“The Daewoo house boat was in Igbomotoru (for workers) to lay pipelines belonging to the Italian oil giant Agip (ENI.MI) when it was attacked and destroyed by the suspected militants,” he said. The attacks come days after President Umaru Yar’Adua said he was ready to grant amnesty to any gunmen in the Niger Delta who agreed to lay down their weapons. Bombings of oil pipelines, attacks by gunmen on oil facilities and kidnappings for ransom by armed gangs in the creeks of the delta have cut Nigeria’s oil output sharply over the past three years and hindered the industry’s development. Insecurity has forced oil giants such as Royal Dutch Shell, ExxonMobil  and Chevron to move all but their most essential foreign staff out of the region, while the reduced oil output has eaten into Nigeria’s foreign earnings, exacerbating the effects of the global economic downturn. More than 200 foreign workers have been abducted in the past three years alone although most have been released after payment of a ransom. The armed groups have increasingly also targeted wealthy Nigerians living in and around Port Harcourt. The main militant group in the region, the Movement for the Emancipation of the Niger Delta (MEND), has been holding two British oil workers hostage for more than six months. MEND is demanding the release of its leader, Henry Okah, who is on trial for gun-running and treason.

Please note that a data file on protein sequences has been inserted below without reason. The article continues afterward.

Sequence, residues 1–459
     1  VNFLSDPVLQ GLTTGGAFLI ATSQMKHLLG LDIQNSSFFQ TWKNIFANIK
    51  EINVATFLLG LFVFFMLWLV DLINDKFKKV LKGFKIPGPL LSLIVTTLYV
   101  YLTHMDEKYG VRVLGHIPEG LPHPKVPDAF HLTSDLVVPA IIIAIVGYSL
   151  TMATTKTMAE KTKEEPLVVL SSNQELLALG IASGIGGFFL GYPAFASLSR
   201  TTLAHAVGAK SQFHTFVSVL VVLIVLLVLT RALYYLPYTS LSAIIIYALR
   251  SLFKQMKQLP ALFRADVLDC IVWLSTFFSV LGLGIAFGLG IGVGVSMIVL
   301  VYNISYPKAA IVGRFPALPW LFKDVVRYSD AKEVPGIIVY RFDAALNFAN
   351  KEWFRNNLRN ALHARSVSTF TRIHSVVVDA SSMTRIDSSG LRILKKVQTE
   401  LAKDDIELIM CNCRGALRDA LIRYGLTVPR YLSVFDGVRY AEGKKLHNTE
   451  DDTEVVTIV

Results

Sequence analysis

GraphOn Partners with ISSL To Market GO-Global in Nigeria

GraphOn Corporation, a leading worldwide developer of thin-client application publishing and Web-enabling software solutions, continues to expand its worldwide channel with the signing of a reseller partnership agreement with Integrated Software Services Ltd. (ISSL) to market the GO-Global for Windows Web-enabling solution in Nigeria. GO-Global for Windows is a fast, simple, and affordable application delivery solution that provides instant Web-enabled access to centrally-running Windows applications from any platform and operating system, including UNIX, Linux, Mac OS X, Windows Mobile, and Pocket PC. GO-Global eliminates the need to rewrite or modify applications for the Web or deploy complex, costly infrastructure such as Microsoft Windows Terminal Server or Citrix XenApp.